• Contingency management: This approach provides rewards such as vouchers for positive behaviors, such as passing a urine drug screening. These vouchers can be used to purchase certain items that usually promote health and wellness.
  • Matrix Model: The Matrix Model is designed to help people who are addicted to stimulants such as Ritalin. It combines group and individual therapy, relapse prevention, substance abuse education, and family therapy.
  • Individual counseling: Counseling can help users come to terms with their drug use and address any underlying emotional or psychological issues that may be related to their addiction.
  • Group counseling: Group counseling allows people to explore the psychological and social aspects of their addiction within the support of a group. Many addiction professionals consider group therapy essential to the recovery process.

Medications

There are not currently any FDA-approved medications for the treatment of Ritalin dependence. However, physicians may prescribe medications to manage the symptoms of withdrawal such as depression, headaches, and nausea.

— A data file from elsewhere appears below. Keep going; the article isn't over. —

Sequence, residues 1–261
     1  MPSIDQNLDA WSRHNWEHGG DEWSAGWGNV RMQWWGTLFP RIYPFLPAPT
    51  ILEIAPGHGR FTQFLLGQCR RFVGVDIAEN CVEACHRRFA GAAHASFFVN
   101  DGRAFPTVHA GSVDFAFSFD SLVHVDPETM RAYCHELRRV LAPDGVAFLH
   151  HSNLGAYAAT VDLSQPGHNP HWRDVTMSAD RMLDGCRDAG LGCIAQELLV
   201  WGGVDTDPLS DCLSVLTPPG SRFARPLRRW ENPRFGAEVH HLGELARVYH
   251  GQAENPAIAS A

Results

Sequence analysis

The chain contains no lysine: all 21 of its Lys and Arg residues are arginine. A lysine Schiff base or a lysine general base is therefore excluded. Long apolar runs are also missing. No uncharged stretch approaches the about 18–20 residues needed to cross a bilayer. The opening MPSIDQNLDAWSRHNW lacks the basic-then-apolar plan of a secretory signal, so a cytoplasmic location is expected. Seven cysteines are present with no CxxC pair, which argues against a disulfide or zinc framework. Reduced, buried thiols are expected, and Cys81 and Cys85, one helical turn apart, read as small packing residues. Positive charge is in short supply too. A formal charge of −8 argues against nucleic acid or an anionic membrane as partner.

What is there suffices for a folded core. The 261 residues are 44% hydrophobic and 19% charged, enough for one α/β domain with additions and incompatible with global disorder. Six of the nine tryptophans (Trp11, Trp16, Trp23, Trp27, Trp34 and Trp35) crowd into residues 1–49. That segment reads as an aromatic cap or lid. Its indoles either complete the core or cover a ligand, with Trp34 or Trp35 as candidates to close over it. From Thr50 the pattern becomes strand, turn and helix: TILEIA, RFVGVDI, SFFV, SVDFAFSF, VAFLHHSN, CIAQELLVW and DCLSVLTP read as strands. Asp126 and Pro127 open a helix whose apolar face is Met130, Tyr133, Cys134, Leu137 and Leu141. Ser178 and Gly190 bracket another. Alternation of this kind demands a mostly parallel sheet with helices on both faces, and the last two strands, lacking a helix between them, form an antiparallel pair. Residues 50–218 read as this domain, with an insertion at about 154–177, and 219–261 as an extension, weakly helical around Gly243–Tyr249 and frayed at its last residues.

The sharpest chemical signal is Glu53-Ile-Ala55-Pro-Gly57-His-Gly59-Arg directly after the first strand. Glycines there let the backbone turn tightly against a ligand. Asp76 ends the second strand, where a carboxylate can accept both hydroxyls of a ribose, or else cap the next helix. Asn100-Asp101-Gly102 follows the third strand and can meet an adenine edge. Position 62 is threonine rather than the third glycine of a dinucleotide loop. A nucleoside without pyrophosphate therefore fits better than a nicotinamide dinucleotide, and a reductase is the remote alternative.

Sources

  1. U.S. Drug Enforcement Administration (DEA). Drug Fact Sheets: Methylphenidate
  2. Morton, W. & Stockton, G. (2000). Methylphenidate Abuse and Psychiatric Side Effects. The Primary Care Companion to the Journal of Clinical Psychiatry, 2(5), 159–164.
  3. NIH: National Institute on Drug Abuse. (2014). DrugFacts: Stimulant ADHD Medications: Methylphenidate and Amphetamines
  4. SAMHSA: Substance Abuse and Mental Health Services Administration. (2015). Treatment for Substance Use Disorders.
  5. National Institute on Drug Abuse. (2014). Treating Addiction to Prescription Stimulants.
  6. National Institute on Drug Abuse. (2012). Principles of Drug Addiction Treatment: A Research Based Guide. Behavioral Therapies.
  7. Ries, R. K., Fiellin, D. A., Miller, S. C., & Saitz, R. (2014). The ASAM Principles of Addiction Medicine: Fifth Edition. New York: Lippincott Williams & Wilkins.
  8. American Psychiatric Association. (2013). Diagnostic and Statistical Manual of Mental Disorders-Fifth Edition.
  9. Kuhn, C., Swartzwelder, S., & Wilson, W. (2014). Buzzed: The Straight Facts About the Most Used and Abused Drugs from Alcohol to Ecstasy. New York: W. W. Norton & Company.
  10. Australian Government Department of Health. (2004). The amphetamine withdrawal syndrome.
  11. Center for Substance Abuse Treatment. (2006). Detoxification and substance abuse treatment. Treatment Improvement Protocol (TIP) Series, No. 45, HHS Publication No. (SMA) 15-4131, Rockville, MD.